The Ferrari IPO priced at $52 a share yesterday. The deal was one of the most anticipated IPOs of 2015 and raised $893 million.
Now that the company has started trading, investors are wondering if investing in Ferrari stock will strengthen their portfolios.
That's why we created a three-step investing strategy for those looking to invest in Ferrari stock.
It will help you maximize your gains on RACE – take a look…
Investing in Ferrari Stock: The Financials
Founded in 1947, Ferrari has become one of the most valuable car brands in the world. Its line of cars can cost from $188,000 to upwards of $500,000. In fact, the most expensive car ever sold was a 1962 Ferrari 250 GTO for $35 million.
Ferrari maintains exclusivity by limiting annual production to 7,000 vehicles. The production cap ensures demand always outpaces supply.
"There are clear expectations from ourselves as Ferrari brand is unique," said CEO Sergio Marchionne at a presentation in Turin, Italy, on July 3.
Ferrari implemented its 7,000-unit sales cap after selling a record 7,318 vehicles in 2012. It sold 6,922 cars in 2013, down 5.4% from 2012.
But Ferrari's revenue still increased 5% to 2.3 billion euros ($3.2 billion) over the period. Its net profit also increased 5.4% to 246 million euros ($338.5 million). The revenue boost came from costly personalization done on the cars.
The company said it plans to expand sales into larger Asian markets. However, government approvals and other federal regulations could impede sales growth in China and other Asian countries.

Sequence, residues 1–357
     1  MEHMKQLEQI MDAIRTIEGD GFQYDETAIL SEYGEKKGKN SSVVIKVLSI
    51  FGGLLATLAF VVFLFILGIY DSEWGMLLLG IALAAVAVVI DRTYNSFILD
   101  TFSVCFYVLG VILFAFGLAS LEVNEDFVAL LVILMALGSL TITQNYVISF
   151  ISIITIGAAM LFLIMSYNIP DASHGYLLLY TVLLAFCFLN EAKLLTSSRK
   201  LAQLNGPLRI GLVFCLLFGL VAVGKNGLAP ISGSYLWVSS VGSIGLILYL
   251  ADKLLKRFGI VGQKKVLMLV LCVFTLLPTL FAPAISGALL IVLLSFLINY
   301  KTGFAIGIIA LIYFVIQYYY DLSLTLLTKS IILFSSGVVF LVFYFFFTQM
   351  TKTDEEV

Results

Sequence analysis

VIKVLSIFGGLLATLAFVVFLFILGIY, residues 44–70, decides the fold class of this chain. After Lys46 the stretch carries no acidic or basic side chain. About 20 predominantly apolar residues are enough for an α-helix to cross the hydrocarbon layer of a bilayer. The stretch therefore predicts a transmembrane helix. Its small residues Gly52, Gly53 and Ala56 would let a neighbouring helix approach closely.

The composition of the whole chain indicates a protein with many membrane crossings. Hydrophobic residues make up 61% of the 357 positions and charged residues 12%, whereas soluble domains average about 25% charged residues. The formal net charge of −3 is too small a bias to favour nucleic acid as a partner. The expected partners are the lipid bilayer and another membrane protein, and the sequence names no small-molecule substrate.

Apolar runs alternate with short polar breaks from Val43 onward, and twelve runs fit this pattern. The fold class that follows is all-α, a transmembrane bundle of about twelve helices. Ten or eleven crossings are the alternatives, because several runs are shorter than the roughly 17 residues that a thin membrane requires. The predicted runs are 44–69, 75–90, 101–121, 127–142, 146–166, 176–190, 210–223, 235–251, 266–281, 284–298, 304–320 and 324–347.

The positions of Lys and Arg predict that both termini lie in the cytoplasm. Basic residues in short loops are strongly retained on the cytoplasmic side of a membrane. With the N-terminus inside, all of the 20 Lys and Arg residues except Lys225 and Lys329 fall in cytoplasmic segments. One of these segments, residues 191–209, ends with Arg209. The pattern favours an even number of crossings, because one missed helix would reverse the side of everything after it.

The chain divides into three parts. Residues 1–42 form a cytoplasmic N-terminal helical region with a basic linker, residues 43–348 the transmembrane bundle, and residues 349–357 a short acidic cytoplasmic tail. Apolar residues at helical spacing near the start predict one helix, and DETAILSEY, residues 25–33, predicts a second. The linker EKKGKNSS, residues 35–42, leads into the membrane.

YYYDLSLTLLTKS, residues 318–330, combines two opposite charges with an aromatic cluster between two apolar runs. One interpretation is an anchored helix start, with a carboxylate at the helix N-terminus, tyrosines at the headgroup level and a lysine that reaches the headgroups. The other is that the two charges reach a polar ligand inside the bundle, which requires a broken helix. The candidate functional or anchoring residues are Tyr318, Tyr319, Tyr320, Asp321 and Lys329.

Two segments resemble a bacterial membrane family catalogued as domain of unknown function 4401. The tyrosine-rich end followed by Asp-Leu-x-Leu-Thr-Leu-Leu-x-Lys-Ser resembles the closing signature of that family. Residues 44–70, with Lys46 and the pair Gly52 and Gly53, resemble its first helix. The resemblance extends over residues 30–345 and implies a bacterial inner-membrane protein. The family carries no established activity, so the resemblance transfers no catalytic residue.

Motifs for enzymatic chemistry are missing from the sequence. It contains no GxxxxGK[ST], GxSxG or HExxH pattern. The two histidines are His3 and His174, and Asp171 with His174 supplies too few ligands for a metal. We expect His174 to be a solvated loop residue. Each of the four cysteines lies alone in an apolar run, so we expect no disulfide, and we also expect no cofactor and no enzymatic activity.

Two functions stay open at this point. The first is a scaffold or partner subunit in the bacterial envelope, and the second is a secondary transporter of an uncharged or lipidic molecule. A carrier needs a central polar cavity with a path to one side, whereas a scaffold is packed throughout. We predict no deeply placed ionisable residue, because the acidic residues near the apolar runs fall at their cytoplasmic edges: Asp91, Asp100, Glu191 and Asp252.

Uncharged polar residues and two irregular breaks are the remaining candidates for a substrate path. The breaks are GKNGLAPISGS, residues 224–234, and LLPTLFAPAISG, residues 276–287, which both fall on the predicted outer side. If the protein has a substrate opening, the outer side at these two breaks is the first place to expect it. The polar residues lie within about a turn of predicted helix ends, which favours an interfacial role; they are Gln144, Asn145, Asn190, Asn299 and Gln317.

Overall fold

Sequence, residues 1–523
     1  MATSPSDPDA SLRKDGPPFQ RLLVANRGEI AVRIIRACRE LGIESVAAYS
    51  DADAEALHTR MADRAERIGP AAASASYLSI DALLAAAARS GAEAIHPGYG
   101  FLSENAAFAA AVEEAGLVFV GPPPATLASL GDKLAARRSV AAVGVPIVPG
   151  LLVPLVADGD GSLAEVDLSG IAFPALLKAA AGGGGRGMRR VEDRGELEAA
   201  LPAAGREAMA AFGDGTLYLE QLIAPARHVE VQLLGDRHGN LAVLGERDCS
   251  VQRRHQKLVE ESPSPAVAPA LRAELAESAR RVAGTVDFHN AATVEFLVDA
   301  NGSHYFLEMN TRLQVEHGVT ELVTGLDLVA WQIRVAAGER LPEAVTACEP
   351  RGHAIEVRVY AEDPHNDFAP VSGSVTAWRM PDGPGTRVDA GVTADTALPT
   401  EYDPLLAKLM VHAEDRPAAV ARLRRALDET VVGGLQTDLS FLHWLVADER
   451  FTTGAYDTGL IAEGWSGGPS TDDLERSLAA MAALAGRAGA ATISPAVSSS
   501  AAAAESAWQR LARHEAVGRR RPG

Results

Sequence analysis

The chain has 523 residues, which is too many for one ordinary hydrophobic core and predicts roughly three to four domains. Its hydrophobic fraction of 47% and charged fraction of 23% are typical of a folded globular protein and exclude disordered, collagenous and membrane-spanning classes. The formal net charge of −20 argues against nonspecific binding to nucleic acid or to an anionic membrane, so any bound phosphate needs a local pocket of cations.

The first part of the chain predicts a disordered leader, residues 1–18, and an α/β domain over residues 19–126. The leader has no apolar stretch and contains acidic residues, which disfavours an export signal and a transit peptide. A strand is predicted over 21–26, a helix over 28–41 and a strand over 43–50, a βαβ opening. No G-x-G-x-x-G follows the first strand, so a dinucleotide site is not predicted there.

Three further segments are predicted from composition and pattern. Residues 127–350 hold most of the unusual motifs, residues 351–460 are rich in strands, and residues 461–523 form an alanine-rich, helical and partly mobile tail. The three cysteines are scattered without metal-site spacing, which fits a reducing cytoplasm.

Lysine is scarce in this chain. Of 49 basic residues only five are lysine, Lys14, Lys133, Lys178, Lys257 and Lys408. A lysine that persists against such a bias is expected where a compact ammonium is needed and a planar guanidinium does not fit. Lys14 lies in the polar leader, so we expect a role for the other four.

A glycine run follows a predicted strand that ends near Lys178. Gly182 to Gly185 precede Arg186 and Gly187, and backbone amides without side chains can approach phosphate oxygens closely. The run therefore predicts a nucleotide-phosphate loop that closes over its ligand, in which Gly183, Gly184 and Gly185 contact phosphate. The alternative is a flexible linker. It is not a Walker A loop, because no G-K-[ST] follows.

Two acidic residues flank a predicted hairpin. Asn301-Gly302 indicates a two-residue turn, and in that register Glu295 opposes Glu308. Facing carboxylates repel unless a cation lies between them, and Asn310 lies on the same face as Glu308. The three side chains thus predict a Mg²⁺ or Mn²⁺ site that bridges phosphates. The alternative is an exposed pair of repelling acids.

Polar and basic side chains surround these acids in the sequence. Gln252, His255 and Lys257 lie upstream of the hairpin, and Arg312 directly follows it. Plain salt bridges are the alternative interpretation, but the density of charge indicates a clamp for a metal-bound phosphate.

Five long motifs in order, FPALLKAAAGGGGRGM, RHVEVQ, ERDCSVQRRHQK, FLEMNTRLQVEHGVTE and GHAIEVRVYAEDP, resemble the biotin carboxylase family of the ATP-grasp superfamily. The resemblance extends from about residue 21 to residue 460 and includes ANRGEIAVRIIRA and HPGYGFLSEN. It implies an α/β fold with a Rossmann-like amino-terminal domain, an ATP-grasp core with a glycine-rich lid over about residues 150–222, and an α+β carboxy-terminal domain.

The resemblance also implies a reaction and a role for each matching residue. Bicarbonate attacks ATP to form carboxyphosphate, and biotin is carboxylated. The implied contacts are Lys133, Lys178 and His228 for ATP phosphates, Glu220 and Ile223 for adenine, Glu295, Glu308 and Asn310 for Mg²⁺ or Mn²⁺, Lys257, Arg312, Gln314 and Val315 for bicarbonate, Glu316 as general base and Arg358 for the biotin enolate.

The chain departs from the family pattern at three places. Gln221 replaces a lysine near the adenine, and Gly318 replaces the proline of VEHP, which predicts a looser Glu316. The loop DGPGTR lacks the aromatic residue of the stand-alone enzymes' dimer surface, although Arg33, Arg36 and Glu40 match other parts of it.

"If our international expansion plans are unsuccessful, our business, results of operation and financial condition could be materially adversely affected," the IPO filing read.
On Sept. 21, VLKAY stock cratered 20% after officials admitted the German automaker cheated on U.S. emissions tests. Regulators found the diesel models emitted more than 40 times the acceptable amount of nitrogen oxide.
The scandal sent ripples through the entire auto industry…
From Sept. 21 to the end of the month, European car companies lost a combined $50 billion in market value. Paris-based Peugeot SA (OTCMKTS ADR: PEUGY) and Fiat Chrysler Automobiles NV (NYSE: FCAU) stock fell 14% and 9%, respectively.
Despite recent volatility in the industry, Ferrari boasts solid revenue growth and strong brand recognition. That means Ferrari stock could be a strong addition to your portfolio down the road.
But IPO investing is a dangerous game for retail investors. Traders who aren't hedge fund managers or investment bankers can see huge losses if they aren't careful.
"IPOs are little more than a get-rich-quick scheme that's so heavily stacked against you that it makes the house odds in Vegas seem downright conservative," said Money Morning Chief Investment Strategist Keith Fitz-Gerald. "I say that because you are literally the last in a long line of people who are going to profit from the IPO process."
Here's the safest strategy for investing in Ferrari stock…